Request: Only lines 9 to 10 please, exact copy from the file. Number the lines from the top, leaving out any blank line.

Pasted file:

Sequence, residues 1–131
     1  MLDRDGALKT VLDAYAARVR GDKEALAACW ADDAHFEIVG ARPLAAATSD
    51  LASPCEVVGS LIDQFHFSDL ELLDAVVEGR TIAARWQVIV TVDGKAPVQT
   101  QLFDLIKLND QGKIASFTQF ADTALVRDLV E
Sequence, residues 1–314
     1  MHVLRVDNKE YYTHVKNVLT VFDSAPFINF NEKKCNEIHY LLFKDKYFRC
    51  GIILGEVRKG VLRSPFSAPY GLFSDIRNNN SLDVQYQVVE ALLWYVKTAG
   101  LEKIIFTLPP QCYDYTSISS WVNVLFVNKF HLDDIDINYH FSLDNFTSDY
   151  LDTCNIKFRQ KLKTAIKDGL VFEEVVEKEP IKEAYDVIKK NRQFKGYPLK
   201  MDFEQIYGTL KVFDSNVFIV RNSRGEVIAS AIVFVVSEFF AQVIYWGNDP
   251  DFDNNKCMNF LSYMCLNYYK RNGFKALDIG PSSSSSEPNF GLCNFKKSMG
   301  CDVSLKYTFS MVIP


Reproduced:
   151  LDTCNIKFRQ KLKTAIKDGL VFEEVVEKEP IKEAYDVIKK NRQFKGYPLK
   201  MDFEQIYGTL KVFDSNVFIV RNSRGEVIAS AIVFVVSEFF AQVIYWGNDP